1964 Academy Awards®
Winners and History
Introduction, 1927/8-39, 1940s, 1950s, 1960s, 1970s, 1980s, 1990s, 2000s, 2010s
Academy Awards Summaries
"Best Picture" Oscar®, "Best Director" Oscar®, "Best Actor" Oscar®, "Best Supporting Actor" Oscar®,
"Best Actress" Oscar®, "Best Supporting Actress" Oscar®, "Best Screenplay/Writer" Oscar®
The Best Picture winner in 1964, Warner Bros.' and director George Cukor's My Fair Lady, was about the transformative training of a rough-speaking flower girl into a lady. The enchanting musical had run for many years on the stage (in both NYC and London). Rex Harrison was called upon to bring his marvelous characterization of perfectionist Svengali phonetics Professor Higgins to the screen.
My Fair Lady emerged as the overall winner with eight Oscars: Best Picture, Best Actor, Best Director, Best Adapted Musical Score, Best Costume Design, Best Cinematography, Best Art Direction, and Best Sound. It was Warner Bros.' first long-overdue Best Picture Oscar win since Casablanca (1943), 21 years earlier.
Its win involved an upset and turnaround, however. British-born unknown screen star Julie Andrews, long-time Broadway star in Lerner and Loewe's musical version of George Bernard Shaw's Pygmalion, did not appear in the Warner Bros. film version. Andrews was replaced in the lead starring role of cockney flower girl Eliza Doolittle by non-singing film star Audrey Hepburn (whose singing voice was dubbed by Marni Nixon - a voice also used for Deborah Kerr in The King and I (1956) and for the un-nominated Natalie Wood in West Side Story (1961)).
While Hepburn wasn't nominated for a Best Actress award for her role, Julie Andrews was cast in the title role (in her debut film) and nominated as Best Actress for Disney's live-action and cartoon blend and Robert Stevenson's director-nominated Mary Poppins, as a no-nonsense adventurous nanny. This popular film condensed several Poppins books by P. L. Travers and told the story of an English nanny who takes charge of the unsettled household of a proper London banker.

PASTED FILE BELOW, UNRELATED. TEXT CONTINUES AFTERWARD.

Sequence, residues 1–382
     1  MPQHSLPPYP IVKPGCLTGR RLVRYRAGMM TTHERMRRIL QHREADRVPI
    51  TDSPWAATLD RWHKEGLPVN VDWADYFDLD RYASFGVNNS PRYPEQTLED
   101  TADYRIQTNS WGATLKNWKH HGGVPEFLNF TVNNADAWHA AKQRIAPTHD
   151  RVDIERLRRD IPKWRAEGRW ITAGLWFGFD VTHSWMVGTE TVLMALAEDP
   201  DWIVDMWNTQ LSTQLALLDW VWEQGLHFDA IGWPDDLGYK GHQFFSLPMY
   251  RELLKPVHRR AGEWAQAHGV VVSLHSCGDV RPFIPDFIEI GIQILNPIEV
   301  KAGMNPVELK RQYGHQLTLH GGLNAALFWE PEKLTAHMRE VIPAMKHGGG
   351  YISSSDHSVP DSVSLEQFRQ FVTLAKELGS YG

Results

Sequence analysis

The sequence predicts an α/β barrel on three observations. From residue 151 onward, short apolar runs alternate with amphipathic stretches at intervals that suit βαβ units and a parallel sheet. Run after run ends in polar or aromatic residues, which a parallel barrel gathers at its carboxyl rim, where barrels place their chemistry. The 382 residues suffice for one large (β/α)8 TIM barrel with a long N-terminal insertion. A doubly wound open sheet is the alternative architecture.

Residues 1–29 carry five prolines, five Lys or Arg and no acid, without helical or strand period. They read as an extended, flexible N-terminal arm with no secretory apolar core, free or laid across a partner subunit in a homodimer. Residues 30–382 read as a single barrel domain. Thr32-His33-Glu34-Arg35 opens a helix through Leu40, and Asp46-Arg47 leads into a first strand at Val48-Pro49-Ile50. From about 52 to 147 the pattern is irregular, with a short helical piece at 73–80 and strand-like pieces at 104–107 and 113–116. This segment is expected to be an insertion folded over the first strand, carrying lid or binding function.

My Fair Lady experienced serious rivalry and contention with the sugary Mary Poppins. [Note: The two musicals nominated for Best Picture had ulie Andrews in common.] Each film had an impressive number of nominations: Mary Poppins had 13 and My Fair Lady had 12. Mary Poppins ended up with five Oscar wins: Best Actress (Julie Andrews), Best Original Song ("Chim, Chim Cher-ee"), Best Music Score (substantially Original), Best Film Editing, and Best Visual Effects.
All five directors of the Best Picture nominees were also nominated as Best Director, the second time in Oscar history. (It also happened in 1957 and 1981.) The Oscar for Best Director (for My Fair Lady) was also a first-time, long-overdue win for veteran, 65 year-old film-maker George Cukor. [With his win, Cukor became the oldest person to receive a Best Director award up to that time. He has recently been surpassed by 69 year-old Roman Polanski's win for The Pianist (2002). In his prodigious career, often known as "a woman's director," Cukor had directed such outstanding films as A Bill of Divorcement (1932), Little Women (1933), David Copperfield (1935), Camille (1936), The Philadelphia Story (1940), Gaslight (1944), A Double Life (1947), Adam's Rib (1949), Born Yesterday (1950), and A Star Is Born (1954).]